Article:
Look around you. See the youth moving and changing the world. Give thanks for them, honor them, and those of us older than them, how about we try to make them proud of us instead of the other way around. The world we gave them is a complete and total mess, and yet, they are trying to fix it — and it’s about time we join them in that quest.

They give me hope — great, big hope.


The Power of a Thank You

This morning, my day started with a thank you. A thank you that means more than I can adequately express, because it was so brutally honest and heartfelt, so unsolicited, and so unexpected considering where and when we were standing.

“Thank you” can be two of the most powerful words in English, especially when it is truly meant. They show that you are connecting with another person, and recognizing that person’s efforts. It takes you outside of yourself, and gives recognition to another.

I often write about gratitude, when I practice my daily ritual of thinking about my day and either speaking (to myself) about the people and things that impacted my day in a positive manner, or I write about it. But sometimes I forget that standing face-to-face, or voice-to-voice and saying “Thank you for…” to a person is a truly magnificent thing to do.

Have you thanked people in your life recently? Truly thanked them?

Social-Distancing without Loneliness

In the Northeast, we are heading at warp speed toward late fall and winter. The time of year when it may be painfully cold to be outside. The time of year when we all tend to want to be inside by a fire, surrounded by friends and family.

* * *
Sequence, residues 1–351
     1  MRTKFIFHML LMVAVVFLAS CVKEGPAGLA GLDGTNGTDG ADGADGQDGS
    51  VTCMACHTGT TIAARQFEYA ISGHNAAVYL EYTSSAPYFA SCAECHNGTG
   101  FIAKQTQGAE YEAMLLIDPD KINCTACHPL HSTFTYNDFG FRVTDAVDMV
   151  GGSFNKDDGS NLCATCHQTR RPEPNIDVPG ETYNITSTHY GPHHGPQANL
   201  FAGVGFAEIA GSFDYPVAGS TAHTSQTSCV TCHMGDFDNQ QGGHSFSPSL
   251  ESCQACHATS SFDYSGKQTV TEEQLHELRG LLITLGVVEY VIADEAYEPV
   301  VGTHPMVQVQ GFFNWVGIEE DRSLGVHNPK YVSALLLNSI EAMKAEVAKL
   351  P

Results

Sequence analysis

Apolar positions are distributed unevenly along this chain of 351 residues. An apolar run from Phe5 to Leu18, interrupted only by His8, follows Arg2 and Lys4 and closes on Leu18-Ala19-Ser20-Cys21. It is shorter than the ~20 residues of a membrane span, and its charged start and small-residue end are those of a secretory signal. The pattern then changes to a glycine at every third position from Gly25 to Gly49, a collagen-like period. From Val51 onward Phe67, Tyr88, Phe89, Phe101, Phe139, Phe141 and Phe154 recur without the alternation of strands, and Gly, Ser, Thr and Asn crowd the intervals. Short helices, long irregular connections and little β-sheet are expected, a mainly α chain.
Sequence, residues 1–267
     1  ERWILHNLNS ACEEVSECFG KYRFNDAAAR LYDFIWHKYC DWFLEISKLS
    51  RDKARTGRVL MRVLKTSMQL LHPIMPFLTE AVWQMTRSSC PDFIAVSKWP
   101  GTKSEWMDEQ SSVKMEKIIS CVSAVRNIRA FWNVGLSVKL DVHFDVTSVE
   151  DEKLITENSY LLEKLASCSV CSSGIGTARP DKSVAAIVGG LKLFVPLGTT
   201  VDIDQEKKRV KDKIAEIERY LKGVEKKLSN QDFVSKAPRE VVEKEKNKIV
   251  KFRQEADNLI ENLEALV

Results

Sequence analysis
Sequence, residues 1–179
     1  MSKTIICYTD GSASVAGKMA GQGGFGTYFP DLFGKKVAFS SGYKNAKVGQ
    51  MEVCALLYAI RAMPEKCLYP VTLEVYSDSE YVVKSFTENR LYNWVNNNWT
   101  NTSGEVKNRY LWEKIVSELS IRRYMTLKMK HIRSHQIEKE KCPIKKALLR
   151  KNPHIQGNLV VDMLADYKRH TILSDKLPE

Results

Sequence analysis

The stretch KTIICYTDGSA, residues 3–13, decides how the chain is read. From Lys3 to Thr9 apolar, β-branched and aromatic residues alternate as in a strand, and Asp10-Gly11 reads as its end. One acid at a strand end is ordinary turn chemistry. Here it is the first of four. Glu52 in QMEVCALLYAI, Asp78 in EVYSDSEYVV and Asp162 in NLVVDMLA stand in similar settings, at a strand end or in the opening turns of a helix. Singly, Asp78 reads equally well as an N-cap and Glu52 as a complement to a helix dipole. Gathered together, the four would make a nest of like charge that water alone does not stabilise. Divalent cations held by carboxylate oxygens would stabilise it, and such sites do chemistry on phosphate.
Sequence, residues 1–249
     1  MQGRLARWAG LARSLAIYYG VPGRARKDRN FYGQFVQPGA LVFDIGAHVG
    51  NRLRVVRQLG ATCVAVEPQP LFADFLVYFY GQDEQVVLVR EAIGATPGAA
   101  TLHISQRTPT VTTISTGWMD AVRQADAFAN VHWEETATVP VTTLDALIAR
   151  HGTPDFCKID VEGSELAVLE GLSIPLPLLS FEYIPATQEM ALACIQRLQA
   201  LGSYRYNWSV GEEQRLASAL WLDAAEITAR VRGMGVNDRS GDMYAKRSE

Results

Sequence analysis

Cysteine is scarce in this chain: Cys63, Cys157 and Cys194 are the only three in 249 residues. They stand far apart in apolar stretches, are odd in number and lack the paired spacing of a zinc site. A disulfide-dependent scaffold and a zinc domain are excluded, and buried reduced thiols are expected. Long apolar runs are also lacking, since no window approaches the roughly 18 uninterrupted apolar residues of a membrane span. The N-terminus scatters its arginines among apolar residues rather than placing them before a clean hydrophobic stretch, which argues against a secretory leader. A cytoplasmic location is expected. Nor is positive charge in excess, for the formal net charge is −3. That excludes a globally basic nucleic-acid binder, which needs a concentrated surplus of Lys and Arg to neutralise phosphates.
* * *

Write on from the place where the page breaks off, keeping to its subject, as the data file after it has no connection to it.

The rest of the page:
But how do we do this when COVID still lurks around us? Especially if you have someone especially vulnerable in your household, how do you keep a sense of community or connections with the isolation?

Think about other ways to keep connections. Phone calls. Text messages. Emails. Zooming. Facetime. Shorter visits outside while bundled up. Postcards. Letters. Cards. Packages left on the front steps or porch. Messages written in the frost on the windshield. Get creative, people!

Our ancestors often went months, if not years, without seeing their loved ones close up. But they kept a sense of connection through other ways. Think of ways you can do the same, and share them with your friends and family — start new traditions that are safe and healthy, and use them to form new family folklore and rituals.

Let’s get creative, and make sure everyone feels connected to someone — let’s all do our part!

(And if you have great ideas — share them, please!)